photo credit: rychlepozicky.com
I’ve read and re-read this article (http://money.msn.com/how-to-budget/what-if-you-had-to-buy-american.aspx?page=2) several times now, and each time it bothers me. The author’s contention is that we should continue to buy things made or grown out of the United States because we would lose access to cheap goods and our companies would lose access to external markets. This is because, according to the financial experts, the most efficient producer creates the most valuable goods with the least possible expense; we should not buy American if we are simply supporting an inefficient producer which should either clean up its act or go out of business. So what bothers me about this idea?
First, the concept of efficiency is what led to the idea of “bigger is better” used in so many farms and ranches. This led to CAFOs; antibiotics, steroids and other drugs in our meat supply; drug resistant bacteria in our foods and hospitals. Not to mention the misery for the cattle living on concrete or bare dirt instead of green grass, and being fed corn and soybean meal, neither of which is healthy for a ruminant. It also led to less nutritious foods. Eggs, for example, produced commercially in the big chicken factories, have 4 to 6 times less vitamin D, less vitamin A, less omega-3 fatty acids, less vitamin E and less beta-carotene than eggs from chickens that are pasture-raised. And when it comes to manufacturing, a lot of the cheap stuff is so shoddy that you’ll be buying two or three because they don’t last long.
Second, the least efficient producers are the ones taking government subsidies. It’s not the little farmer who gets a whopping subsidy to let good land lie idle because we have corn surpluses. And many of those “efficient producers”, especially in other countries, achieve their low costs through strategies such as using child labor. Or adulterate their products with low-cost substances that in many cases are downright dangerous.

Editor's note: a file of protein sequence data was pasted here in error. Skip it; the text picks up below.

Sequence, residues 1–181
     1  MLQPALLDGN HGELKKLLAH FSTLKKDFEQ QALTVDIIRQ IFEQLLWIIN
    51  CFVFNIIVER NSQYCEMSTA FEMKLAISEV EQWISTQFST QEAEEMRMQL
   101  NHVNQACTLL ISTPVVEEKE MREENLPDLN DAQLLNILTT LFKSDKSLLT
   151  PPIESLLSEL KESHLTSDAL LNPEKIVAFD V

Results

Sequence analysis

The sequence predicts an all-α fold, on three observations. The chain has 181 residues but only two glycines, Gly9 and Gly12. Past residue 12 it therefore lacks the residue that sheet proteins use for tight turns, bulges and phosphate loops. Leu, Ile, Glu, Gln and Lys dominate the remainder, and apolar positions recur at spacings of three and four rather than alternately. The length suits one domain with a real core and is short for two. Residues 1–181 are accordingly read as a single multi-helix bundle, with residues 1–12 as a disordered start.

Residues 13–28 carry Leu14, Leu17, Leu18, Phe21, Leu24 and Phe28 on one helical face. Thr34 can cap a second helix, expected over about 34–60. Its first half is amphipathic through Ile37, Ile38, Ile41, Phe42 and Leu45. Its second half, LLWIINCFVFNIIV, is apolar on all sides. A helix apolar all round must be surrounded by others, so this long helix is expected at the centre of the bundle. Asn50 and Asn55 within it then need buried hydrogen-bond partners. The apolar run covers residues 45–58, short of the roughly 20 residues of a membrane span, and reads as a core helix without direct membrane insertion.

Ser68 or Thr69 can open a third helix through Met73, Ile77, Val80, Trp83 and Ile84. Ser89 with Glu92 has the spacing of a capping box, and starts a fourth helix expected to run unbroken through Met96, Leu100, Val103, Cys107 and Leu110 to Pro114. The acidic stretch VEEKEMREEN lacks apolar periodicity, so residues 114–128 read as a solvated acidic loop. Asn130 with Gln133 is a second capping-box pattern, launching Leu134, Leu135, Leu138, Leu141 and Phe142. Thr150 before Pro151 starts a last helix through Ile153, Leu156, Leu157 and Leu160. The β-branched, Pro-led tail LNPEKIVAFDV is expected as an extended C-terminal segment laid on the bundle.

Third, a lot of those low cost items are terribly wasteful of the planet’s resources. I don’t care how cheap it is—and I am a very frugal person—if I buy something that has been shipped by ocean or air from Thailand, I have to consider the cost of the jet or ship fuel in the equation. Long distance shipping contributes to oil pollution as well as using up a finite resource that might be better spent in other ways.
Fourth, do we really need all the fancy gadgetry? IPods and such are not critical to our existence. Yes, I have a cell phone, but the only thing I use it for is to make a call occasionally, and if there were still functioning public phone booths available, I probably wouldn’t even have that. I finally got one when it became clear that phone companies weren’t going to provide or maintain the public booths any longer, and I got the most basic model I could find.
And finally, the idea that if we don’t buy their stuff we will lose markets for our stuff seems off base to me. No country can produce everything its citizens want (although I suspect most could produce what their citizens need—big difference!) and popular pressure would be likely to help keep the trade markets open. Even in the time of Alexander the Great, traders plied the mountains, deserts and seas with things people wanted. The author of this piece seems to think it’s an either-or proposition; but there are plenty of good quality products made in America that we could choose over foreign products.
Yes, I like being able to enjoy bananas or chocolate, but I could get along without them if I had to. We don’t have to have everything, and in fact, all too often, the more stuff they have the less happy people seem to be. I say we need to buy local as much as possible, buy American as much as possible and buy a lot less stuff in general. If anybody thinks I’m missing something here, please let me know!